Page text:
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Re: Simulated Candle Flame

Post by MrAl » Thu Jan 02, 2003 9:16 am

Hello there,<p>I once built a controller with a Z80
processor and 2k of RAM and about 1k of
ROM which i programmed to accept 'uploads'
from a host computer. I also included
a simple i/o port where you could connect
anything you wanted to really, so i connected
a dual color led with green and red colors.<p>Pulsing the green and red using the bits of
the output port, i got the led to look like
a little 'flame' that might appear on a candle
that you were talking about. It looked so
real that you were almost afraid to touch it
for fear of getting burned.
Part of the reason for this is because the
red and green led chips internal to the dual
color led are slightly offset from one another.
This means as the two colors are pulsed at
different rates the thing acutally looks like
it 'flickers' because the origin of the light
keeps moving back and forth.<p>If you dont want to go thought the trouble of
building up a controller board (or perhaps
Basic Stamp) then you might try two 555's driving
the red and green dual color led.
You can then easily experiment with the different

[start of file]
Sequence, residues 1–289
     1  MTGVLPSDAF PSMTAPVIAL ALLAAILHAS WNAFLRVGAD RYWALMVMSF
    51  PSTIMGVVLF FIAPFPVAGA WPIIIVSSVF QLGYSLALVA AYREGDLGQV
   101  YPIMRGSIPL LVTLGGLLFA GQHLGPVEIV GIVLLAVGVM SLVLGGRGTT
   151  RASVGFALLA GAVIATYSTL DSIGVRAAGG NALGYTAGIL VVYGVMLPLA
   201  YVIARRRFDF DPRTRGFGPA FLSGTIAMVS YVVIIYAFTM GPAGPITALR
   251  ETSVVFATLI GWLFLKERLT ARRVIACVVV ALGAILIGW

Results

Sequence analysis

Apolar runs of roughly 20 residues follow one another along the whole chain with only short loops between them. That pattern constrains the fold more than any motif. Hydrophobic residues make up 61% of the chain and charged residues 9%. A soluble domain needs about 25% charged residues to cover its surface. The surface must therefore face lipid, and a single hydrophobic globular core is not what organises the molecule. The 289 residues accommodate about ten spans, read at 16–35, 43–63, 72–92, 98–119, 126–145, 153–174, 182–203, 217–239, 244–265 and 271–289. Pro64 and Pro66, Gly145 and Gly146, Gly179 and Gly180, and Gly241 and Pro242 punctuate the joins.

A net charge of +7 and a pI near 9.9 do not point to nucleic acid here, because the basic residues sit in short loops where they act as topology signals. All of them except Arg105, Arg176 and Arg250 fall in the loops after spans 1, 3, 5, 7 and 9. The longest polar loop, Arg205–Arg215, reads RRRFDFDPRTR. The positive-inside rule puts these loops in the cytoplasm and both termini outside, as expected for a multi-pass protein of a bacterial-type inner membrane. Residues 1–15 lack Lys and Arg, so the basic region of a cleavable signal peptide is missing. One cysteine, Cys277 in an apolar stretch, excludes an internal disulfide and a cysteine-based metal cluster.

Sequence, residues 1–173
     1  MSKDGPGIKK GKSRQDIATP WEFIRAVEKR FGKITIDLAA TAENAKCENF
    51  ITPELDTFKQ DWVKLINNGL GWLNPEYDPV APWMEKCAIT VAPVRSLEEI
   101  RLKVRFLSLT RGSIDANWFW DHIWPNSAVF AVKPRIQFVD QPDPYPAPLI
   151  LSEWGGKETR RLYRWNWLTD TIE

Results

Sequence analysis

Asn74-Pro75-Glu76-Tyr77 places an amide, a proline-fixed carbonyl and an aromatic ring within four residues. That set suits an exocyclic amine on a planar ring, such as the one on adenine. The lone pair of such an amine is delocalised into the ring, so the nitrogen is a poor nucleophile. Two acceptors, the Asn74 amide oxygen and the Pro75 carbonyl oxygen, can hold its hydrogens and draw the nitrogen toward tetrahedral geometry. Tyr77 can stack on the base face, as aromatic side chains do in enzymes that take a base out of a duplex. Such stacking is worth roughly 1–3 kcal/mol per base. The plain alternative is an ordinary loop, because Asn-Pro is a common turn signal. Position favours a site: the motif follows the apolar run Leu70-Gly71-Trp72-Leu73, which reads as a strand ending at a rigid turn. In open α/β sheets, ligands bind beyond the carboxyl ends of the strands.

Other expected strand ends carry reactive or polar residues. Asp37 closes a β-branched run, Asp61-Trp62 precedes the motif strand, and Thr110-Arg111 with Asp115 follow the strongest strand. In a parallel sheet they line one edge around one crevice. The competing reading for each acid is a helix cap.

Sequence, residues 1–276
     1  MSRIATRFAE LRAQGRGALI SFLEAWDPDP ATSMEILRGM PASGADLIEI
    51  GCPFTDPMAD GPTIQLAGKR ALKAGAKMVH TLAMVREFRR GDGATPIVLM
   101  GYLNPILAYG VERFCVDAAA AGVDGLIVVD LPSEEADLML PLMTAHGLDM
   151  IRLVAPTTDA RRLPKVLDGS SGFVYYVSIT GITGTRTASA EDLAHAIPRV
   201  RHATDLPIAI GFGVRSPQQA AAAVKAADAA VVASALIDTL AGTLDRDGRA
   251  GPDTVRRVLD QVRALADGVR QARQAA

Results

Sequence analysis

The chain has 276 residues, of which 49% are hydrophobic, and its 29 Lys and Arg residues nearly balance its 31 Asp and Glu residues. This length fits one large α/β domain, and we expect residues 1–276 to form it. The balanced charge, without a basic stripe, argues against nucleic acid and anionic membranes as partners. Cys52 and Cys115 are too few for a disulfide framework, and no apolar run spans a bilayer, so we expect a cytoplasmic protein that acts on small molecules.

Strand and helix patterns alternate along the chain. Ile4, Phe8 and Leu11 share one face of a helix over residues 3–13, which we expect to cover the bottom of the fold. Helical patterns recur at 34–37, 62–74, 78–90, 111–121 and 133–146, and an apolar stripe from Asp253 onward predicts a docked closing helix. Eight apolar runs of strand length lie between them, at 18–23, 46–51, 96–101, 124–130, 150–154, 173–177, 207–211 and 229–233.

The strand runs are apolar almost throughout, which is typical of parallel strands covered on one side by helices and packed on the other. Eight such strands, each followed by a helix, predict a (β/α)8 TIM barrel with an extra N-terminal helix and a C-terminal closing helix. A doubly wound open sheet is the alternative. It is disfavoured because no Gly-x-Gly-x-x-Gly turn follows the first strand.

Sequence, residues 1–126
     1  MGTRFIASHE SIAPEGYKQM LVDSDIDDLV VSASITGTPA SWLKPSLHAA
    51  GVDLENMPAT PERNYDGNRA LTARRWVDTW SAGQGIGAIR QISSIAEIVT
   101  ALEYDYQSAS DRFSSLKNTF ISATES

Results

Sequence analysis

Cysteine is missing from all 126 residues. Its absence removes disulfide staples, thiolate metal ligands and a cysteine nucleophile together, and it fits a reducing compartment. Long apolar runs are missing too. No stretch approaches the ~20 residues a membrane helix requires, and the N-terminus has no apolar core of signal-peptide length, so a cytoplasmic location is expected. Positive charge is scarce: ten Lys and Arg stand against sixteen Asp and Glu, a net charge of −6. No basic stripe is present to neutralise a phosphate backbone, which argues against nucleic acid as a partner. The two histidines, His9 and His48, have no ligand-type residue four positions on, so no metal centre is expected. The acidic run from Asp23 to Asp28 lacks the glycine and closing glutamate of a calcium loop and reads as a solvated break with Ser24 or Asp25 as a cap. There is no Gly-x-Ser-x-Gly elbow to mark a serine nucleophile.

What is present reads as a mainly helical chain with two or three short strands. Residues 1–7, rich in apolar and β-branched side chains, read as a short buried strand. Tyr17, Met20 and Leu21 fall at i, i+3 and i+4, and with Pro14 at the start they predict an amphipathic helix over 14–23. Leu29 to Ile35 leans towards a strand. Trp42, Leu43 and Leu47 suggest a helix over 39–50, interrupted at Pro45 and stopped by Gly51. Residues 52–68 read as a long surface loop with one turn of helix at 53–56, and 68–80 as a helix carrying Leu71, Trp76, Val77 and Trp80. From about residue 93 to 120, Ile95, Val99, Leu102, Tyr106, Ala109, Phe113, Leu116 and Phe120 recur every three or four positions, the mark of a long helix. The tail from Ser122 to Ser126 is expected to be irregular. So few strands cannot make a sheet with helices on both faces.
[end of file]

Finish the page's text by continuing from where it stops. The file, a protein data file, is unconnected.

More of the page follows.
frequencies for each led, and their relationship
(causing a 'beat' flicker).<p>Has to be seen to be believed how real it looks !<p>Good luck with your circuits,
LEDs vs Bulbs, LEDs are winning.

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Re: Simulated Candle Flame

Post by k7elp60 » Fri Jan 03, 2003 6:53 pm

This is a simple solution that works fairly well.
Connect 2 reqular flashing LED's in parallel, and the parallel pair in series with an orange LED.
When power is first applied the orange LED will flash on and off. When the two flashing LED's get out of sync with each other the orange will flicker like a flame.
Ned :)

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Re: Simulated Candle Flame

Post by gadgeteer » Fri Mar 28, 2003 1:40 am

I bought a Hallmark Christmas ornament a few years ago, something about the "Bearenstein Bears". It had a nice fireplace, with living-room-floor and mantle etc. (you had to buy the bears extra). But their FIRE! Ugh! They thought a FIRE could be simulated with a fast-flashing red LED! Their fire was molded clear yellow plastic, painted logs; backlit by that obnoxious red strobe light...<p>SOOOO---on a day when I had much more time than sense, I used a 4060 (I think that's the one with the built-in oscilator---just add resistor & capacitor); then a BCD to 7-segment LED driver (is that a 4017? Whaddever...) I chose the 4000 family 'cause they'll run fine on 3 volts, which was the design of the fireplace---two AA's. AND--- 7 yellow LEDs, tied to the segment outputs of the decoder/driver. I'm thinkin' I used basic diffused T1 yeller LEDs. The slower-flashing ones I placed close to the logs, the faster ones towards the periphery...<p>And THEN (drum-roll please) ...I scratched a thin line into the paint, into the crevice between the two logs; and placed a red-orange steady LED (so the crack will glow like embers).<p>The fireplace is spectacular...